Language Selection

English French German Italian Portuguese Spanish

AMD to launch dual-core 64 on May 31

Filed under
Hardware

The AMD Athlon 64 X2 processor will be launched on the first day of Computex, the mammoth show that brings most of Taiwan's computer hardware, software and technology industry face-to-face with technology buyers from around the world, the company said Friday. AMD has used Computex in prior years to launch new processors. If previous years are a guide, the processor will likely be accompanied by the introduction of compatible motherboards produced by Taiwanese companies.

Dual-core processors contain two processors on a single piece of silicon and give users improved performance. This is because processor-intensive tasks like editing video and burning optical discs can be handled independently so they don't slow each other down as might happen in a single-core processor. Until now, most desktop and server processors have had a single core but several dual-core chips have been launched.

Intel, AMD's biggest rival, has already launched a dual-core version of its Pentium processor. It began shipping the chip, called the Pentium Extreme Edition 840 (Pentium EE), in April this year and a second chip, called the Pentium D, is due later this month.

Prototype versions of the new Athlon 64 chip scored well against the Pentium EE in tests carried out by PC World. A system based on the Athlon 64 chip achieved a score of 115 on the PC WorldBench 5 benchmark, against 95 for a system based on the Pentium EE, making the dual-core Athlon 64 system the second-fastest tested to date. The Athlon 64 also drew less power, at about 100 watts versus 145 watts for the Intel chip.

The Athlon 64 X2 isn't AMD's first dual-core processor. The Sunnyvale, California, company launched a dual-core version of its Opteron processor for four-way and eight-way servers in April. It will start shipping a second dual-core Opteron, for two-way servers and workstations, in May, it said at the time.

Martyn Williams.

More in Tux Machines

LibreOffice 6.1 Arrives in August with Revamped Online Experience, New Features

Last week, we talked with The Document Foundation's marketing assistant Mike Saunders about the 1 million downloads milestone reached by the major LibreOffice 6.0 release in only two weeks after its launch, who told us that the team is already working on the next version, LibreOffice 6.1, due for release in August. LibreOffice 6.1 will be the first major update to the 6.x series of the office suite and will add yet another layer of new features and improvements to the open-source and cross-platform office suite used by millions of computer users worldwide, and we'd like you to be the first to know about them. Read more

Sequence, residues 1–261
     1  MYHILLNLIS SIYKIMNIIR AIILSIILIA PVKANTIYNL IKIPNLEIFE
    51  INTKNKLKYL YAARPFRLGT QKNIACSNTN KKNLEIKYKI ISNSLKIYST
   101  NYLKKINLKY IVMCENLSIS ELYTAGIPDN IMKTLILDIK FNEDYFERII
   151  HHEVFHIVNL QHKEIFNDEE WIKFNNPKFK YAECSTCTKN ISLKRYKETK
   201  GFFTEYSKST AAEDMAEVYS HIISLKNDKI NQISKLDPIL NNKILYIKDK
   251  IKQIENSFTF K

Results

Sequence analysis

Purism's Linux Phone to Use Convergence for a Unified Experience Across Devices

Purism's François Téchené shares some initial details on how the company plans to use convergence for their short and long-term design goals of Librem 5, the Linux smartphone that raised more than $2 million on Kickstarter last year, saying they're looking to unify the human experience across different device you might own. For the Librem 5 Linux phone, Purism plans to design responsive and adaptative layouts, as well as interaction patterns that will allow modern mobile apps to adapt to the device's screen. Convergence will be used for making accessing of services and data between different devices as transparent and simple as possible. Read more

Open source COM runs mainline Linux on Microchip SAMA5D2 SiP

Microchip unveiled an open source, mainline Linux ready “SAMA5D27 SOM” module based on a SiP implementation of its Cortex-A5-based SAMA5D27 SoC with 128MB RAM. The 40 x 38mm module is also available with a SOM1-EK1 dev board. Long before it was acquired by Microchip Technology, Atmel has been producing a line of Linux-focused, Cortex-A5 based SAMA5 SoCs, but the only Atmel-branded SAMA5 boards were its open-spec Xplained development boards developed with Newark Element14. The SAMA5 family was always a side business to Atmel’s MCU line, with very little integration between the two. With its ATSAMA5D27-SOM1 (SAMA5D27 SOM1) module, which uses a system-in-package (SiP) implementation of Microchip’s SAMA5D27 SoC, Microchip is starting to bridge the gap between the SAMA5 product line and its much larger RTOS/MCU business. Read more

Purism's Linux Phone to Use Convergence for a Unified Experience Across Devices

For Purism, the company that sells quality computers using a Linux-based operating system and are intended to protect user's privacy and freedom, designing a convergent Linux phone is a long-term goal to unify the mobile experience across various devices. Purism's François Téchené shares some initial details on how the company plans to use convergence for their short and long-term design goals of Librem 5, the Linux smartphone that raised more than $2 million on Kickstarter last year, saying they're looking to unify the human experience across different device you might own. Read more